LeBron James Life Is The “Wrong” In Black America

I been holding onto this thought for a while, but what better time than right now.

I asked on Facebook, “What if I felt like LeBron James life and everything said about him was everything WRONG with The Black Delegation in The United States of America….”

To my surprise I received a request for context, early. Something rarely done in this era. I’m glad it at least started there. It gave me a real reason to unpack a my statement.

LeBron James has been nothing short of great as a basketball player and human being, yet many still highlight his flaws, his have nots and compare him to others that he’s not in competition with. It reminds me so much of the self hating, stigmas and perceptions that plague Black America present day. All of those things that seem to stay with us no matter how much great that is known and done in every generation.

If you feel that there is no way LeBron could be the living example, because he has millions and fans, you can stop here and know that I’ve already proven my point. If you’re still interested and intrigued by my stance, let’s take a walk.

How can LeBron James life be an example of the wrong within Black America? Because even in his greatness and achievements, many will highlight his failure or shortcoming. Much like the self hate, color struck or classism that exist amongst the black delegation, we won’t allow ourselves a clean victory in any aspect. Within ourselves we hand out our own asterisks in abundance, but want progression and equality. That’s a tough task.

Present Day, LeBron opens his “I Promise” school. A charitable act of providing free education to the you of Akron, Ohio. Something that should be celebrated amongst us all if for no other reason because he’s a black man doing it during the Trump administration. What do we see in the midst of this? All the positive praise met with a resounding “Jalen Rose got a School too!” “He’s not the first one to do something like this” and “Ok, but he still not better than Jordan.”

Why during a powerful, positive move that benefits the youth of Akron, Ohio and their academic future, does “what LeBron can’t do” have to be highlighted? Why is it now time to highlight others at the expense of making a person or his supporters feel less than?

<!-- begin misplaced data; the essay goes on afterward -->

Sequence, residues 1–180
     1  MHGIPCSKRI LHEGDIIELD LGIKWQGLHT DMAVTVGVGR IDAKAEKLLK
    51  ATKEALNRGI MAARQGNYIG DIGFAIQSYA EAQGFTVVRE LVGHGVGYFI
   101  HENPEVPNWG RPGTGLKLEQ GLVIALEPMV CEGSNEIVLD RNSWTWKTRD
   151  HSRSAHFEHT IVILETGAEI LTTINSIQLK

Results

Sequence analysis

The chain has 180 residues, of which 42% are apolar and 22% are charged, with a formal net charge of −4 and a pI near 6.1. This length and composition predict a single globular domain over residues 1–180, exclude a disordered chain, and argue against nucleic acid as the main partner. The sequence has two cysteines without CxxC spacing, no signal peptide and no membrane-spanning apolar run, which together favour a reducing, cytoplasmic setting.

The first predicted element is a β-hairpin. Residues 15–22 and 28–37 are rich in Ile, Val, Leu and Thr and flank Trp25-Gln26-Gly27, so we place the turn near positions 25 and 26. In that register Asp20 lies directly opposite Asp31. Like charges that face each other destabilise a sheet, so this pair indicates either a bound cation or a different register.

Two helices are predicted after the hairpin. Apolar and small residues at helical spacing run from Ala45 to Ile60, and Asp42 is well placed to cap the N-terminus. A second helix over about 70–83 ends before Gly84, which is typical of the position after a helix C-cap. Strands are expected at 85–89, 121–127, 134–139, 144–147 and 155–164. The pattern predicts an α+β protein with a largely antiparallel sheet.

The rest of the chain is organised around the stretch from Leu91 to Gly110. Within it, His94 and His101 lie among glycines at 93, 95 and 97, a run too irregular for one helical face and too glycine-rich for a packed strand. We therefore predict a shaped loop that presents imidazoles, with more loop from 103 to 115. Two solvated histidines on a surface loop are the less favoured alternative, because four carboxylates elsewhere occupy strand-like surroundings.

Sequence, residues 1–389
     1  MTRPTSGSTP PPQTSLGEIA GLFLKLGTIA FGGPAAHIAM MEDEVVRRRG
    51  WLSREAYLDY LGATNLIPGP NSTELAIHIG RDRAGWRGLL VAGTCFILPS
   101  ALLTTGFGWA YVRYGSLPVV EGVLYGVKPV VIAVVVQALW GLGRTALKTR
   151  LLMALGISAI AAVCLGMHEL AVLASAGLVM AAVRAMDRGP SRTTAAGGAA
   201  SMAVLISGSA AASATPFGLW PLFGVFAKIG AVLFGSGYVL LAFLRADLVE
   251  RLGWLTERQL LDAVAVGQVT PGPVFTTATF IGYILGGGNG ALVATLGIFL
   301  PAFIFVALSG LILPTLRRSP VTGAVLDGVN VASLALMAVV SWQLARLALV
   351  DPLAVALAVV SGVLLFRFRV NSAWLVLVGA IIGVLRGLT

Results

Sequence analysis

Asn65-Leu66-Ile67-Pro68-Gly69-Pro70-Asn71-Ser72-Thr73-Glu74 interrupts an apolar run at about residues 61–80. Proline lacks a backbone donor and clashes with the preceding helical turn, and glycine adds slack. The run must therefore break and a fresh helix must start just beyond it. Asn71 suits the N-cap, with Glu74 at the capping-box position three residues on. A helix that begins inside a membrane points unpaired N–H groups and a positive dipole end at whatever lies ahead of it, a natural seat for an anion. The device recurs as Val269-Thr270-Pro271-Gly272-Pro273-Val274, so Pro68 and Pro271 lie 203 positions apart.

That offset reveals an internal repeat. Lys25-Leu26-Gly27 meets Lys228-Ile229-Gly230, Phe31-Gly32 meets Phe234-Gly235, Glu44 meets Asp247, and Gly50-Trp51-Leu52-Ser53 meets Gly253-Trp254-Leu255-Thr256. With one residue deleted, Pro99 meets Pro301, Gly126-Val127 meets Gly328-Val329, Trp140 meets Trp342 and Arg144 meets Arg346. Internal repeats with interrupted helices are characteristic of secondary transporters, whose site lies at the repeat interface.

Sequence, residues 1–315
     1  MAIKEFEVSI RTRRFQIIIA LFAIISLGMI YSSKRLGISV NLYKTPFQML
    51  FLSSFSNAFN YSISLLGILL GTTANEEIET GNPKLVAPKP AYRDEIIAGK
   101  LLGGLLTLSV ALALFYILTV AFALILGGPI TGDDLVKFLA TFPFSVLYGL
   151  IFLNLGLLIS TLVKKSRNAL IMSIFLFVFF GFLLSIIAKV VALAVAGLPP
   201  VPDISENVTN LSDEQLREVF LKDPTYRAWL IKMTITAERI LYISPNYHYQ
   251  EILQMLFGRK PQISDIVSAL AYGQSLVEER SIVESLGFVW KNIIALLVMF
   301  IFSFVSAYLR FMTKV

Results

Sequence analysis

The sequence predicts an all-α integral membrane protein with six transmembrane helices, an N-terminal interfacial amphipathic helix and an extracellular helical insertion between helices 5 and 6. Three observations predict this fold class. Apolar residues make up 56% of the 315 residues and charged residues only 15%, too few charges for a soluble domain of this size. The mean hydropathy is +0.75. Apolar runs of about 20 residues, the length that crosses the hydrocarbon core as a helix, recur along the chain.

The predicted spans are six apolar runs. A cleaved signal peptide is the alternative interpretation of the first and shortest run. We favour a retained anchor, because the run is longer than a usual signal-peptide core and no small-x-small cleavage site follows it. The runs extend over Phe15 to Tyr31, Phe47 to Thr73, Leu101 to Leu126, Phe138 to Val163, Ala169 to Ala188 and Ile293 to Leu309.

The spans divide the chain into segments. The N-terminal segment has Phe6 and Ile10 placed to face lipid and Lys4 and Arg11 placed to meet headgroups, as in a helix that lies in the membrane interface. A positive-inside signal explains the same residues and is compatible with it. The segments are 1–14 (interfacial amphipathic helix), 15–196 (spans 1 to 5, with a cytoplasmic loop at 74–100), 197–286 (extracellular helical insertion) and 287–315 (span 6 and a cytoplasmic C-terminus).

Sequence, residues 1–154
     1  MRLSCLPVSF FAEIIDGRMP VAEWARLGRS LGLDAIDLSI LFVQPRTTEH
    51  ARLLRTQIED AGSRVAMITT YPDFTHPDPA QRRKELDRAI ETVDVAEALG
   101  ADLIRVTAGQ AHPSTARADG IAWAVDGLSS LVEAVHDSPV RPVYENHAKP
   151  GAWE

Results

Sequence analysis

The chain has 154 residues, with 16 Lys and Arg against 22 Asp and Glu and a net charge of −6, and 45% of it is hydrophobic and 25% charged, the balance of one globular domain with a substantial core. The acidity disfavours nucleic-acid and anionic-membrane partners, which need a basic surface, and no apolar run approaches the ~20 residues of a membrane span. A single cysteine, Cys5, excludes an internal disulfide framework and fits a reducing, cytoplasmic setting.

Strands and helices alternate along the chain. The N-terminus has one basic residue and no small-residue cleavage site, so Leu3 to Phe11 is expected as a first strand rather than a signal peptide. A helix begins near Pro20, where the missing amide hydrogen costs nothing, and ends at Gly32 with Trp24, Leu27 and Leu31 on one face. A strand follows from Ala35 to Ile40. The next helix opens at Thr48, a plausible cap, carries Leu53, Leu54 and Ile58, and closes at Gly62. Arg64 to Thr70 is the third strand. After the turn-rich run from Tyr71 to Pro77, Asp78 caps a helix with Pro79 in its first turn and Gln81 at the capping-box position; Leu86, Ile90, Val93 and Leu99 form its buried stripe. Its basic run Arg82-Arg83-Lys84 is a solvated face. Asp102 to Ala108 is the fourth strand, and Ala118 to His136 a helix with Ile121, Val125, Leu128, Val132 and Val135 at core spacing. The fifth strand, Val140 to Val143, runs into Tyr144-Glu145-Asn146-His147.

How is this different from not wanting to support a black business because you grew up with the owner?

How is this different from the countless hours spent online and in real life downplaying the guy or girl that is working on their dream to become an artist/musician because you feel they’re too old to still be doing it?

How is the above different from when we scream for an end to police brutality and the killing of unarmed black men and we’re then asked “what about black on black crime?” As if same race crimes only exist amongst us.

LeBron James has millions of supports and maybe the love truly does outweigh the hate. However, daily, hourly, minute by minute, there is someone who “looks like him” willing to reinforce to others that “look like them” that they are tired of hearing about his accomplishments and want the love shown of his positive efforts to stop. That or they want someone else to be highlighted for being great instead of him.

Why can’t we show love to more than one person at a time? Why do so many feel a light has to dim for the proper shine? These are the same questions asked within the black delegation.

Finally, LeBron gets ostracized for playing the game of life and basketball his way. Making the moves that he wants to make, looking out for himself and his family first. It’s not the norm. It’s not what the players or analyst of old did. However, none of them have used their money or celebrity to cause change or influence like LeBron has. It doesn’t appear that anyone has talked to LeBron about his moves and actions. They just giving their venomous statements and hot takes with surface level context without the willingness to see his side or understand.